That description is a little ambiguous so I’m not really sure how to answer it.  For those that don’t know DSN is Delivery Status Notification and it allows some message tracking across the Internet.  It has to be enabled on the GWIA (ESMTP Settings | Enable DSN) and requested by the client (Tools | Options | Send | Mail | Internet Mail).

What happens, when enabled, is that the MAIL FROM and RCPT TO commands of the SMTP header are modifed and look like this:

MAIL FROM: SIZE=491 RET=HDRS ENVID=groupwise.44EDBBC0.34D:8b:34d0:N
250 2.0.0 jsimpleton@nodomain.com OK
RCPT TO: NOTIFY=SUCCESS,FAILURE ORCPT=smtp;groupwise-bogususer@novell.com:1:1
250 2.0.0 bogususer@novell.com OK

The RET, ENVID, NOTIFY and ORCPT commands are all DSN related commands that tell the mailer-daemons how to handle the status tracking.

Now the question on how to make it fire?  Well, you can’t.  It’s status tracking and it’s handled automatically.  Just like you can’t make GW internal status tracking ‘fire’.

How to force the Defer system to fire 

A little ambiguous too, but it does have an answer.   You can force a mail to be deferred by sending to a mailer daemon that you know is down.  How I do this is I maintain my own DNS server, on NetWare for my test systems.  I create A and MX records for each server that I have (physical or VMWare) so that all my servers can happily mail between themselves and TO the outside world.  Replies FROM the outside world don’t work of course, because I am making up my own domain names.  So, if I just stop a GWIA on one of my servers and send a mail to that system from another system the message gets deferred.

You can probably achieve the same by creating a ROUTE.CFG in the GWIA directory and redirecting mails to a particular domain to an IP address that you know doesn’t have a listener on port 25.

That answers the question on how to force mails to be help up in DEFER, but how do you force mails in DEFER to get processed again?

Restart the GWIA is the quick answer – on startup the GWIA will process it’s defer queue.  The long, drawn out,  answer is that you can force more defer retries.  On the GWIA object there is an ‘Interval to retry a deferred message’ setting. This is a free form field that you can enter as many intervals as you like.  I am now getting Deja-vu – did I blog this bit before?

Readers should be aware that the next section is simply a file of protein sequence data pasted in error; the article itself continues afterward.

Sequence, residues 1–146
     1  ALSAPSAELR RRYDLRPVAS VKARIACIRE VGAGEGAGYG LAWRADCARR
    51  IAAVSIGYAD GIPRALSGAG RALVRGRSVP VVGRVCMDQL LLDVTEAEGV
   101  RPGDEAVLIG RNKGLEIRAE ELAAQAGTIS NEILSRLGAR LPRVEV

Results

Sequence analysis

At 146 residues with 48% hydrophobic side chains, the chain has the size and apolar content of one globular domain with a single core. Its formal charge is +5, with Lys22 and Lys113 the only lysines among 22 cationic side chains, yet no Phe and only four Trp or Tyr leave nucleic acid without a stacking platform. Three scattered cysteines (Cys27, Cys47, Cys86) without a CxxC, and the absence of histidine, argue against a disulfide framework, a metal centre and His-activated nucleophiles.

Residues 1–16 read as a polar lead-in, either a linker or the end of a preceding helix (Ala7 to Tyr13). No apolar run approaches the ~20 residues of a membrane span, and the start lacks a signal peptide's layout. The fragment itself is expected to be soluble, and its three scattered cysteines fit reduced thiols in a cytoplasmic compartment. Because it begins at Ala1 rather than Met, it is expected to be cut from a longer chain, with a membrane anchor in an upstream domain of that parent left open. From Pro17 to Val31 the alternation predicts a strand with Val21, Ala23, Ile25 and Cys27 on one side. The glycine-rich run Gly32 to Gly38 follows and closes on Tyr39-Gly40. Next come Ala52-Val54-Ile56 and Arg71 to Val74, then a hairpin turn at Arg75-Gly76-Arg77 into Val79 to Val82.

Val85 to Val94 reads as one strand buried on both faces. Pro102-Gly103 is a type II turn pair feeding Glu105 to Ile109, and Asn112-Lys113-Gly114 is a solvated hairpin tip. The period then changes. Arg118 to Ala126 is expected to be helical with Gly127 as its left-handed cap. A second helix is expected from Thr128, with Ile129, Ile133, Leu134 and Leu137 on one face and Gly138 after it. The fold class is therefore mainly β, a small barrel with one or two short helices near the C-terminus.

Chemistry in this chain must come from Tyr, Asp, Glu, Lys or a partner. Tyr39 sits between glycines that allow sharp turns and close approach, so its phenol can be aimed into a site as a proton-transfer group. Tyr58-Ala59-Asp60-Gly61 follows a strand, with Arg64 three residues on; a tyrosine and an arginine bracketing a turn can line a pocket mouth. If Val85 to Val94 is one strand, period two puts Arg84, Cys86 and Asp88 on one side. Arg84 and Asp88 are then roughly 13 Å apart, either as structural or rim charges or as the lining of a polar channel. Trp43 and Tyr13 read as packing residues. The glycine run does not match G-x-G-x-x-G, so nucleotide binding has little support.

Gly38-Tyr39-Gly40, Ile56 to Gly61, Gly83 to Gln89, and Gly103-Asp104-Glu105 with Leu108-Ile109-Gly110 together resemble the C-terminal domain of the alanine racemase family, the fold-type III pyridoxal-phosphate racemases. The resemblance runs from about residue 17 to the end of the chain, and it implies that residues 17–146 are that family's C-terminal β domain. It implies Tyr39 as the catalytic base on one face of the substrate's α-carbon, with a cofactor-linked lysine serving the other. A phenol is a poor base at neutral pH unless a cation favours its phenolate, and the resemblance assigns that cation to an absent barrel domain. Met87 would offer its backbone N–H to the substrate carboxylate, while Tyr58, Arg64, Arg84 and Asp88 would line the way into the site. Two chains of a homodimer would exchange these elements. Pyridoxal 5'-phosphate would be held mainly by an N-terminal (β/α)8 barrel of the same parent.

Anyway in that setting you can specify how often and how long between intervals.  So, ‘1,1,1,1,1,1,10,20,60’ would retry the message every minute for 6 iterations, then again after 10 minutes, 20 minutes and 60 minutes.  It would then retry every 60 minutes until the Maximum Defer age was reached (default of 4 days, or 96 hours – also configurable).  If you wanted to, and were a little mad, you could just let it retry every minute by just putting ‘1’ in that field.  I would not recommend that though as it will create a huge load on your GWIA.

I think that covers it – anyone got questions or more suggestions for topic?

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Categories: Uncategorized

Free Stuff!!



By:

August 24, 2006 6:58 am

Reads:2,987

Score:Unrated

Novell has a frappr thing up through which you can get some free stuff.

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Categories: Uncategorized

Taking on HSPD‑12



By:

August 23, 2006 3:14 pm

Reads:64

Score:Unrated

The Homeland Security Presidential Directive (HSPD)”‘12 requires a common identity standard for all federal employees and contractors as a means to provide even tighter security controls. As a result, federal agencies are going to need highly scalable identity management systems integrated with smart cards and other security technologies. A leader in identity management, Novell has …

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Categories: Expert Views, General, PR Blog

Urban Legends, or are they?



By:

August 23, 2006 10:30 am

Reads:2,609

Score:Unrated

When I first joined Novell, many moons ago, many of my colleagues had worked in WordPerfect application support (in fact that’s still true). The topic of ‘users’ came up (how come such an innocuous word can have such negative connotations? Like ‘interesting’ and ‘special’, but I digress). They had lots of stories from their years in support. Now, they may have been pulling the leg of the poor naive newbie but I’ll share them with you as they still make me chuckle.


There was the one where a user was asked to send in a file to wpsupport@novell.com – 3 weeks later an envelope turned up with wpsupport@novell.com written on the front – and a floppy inside.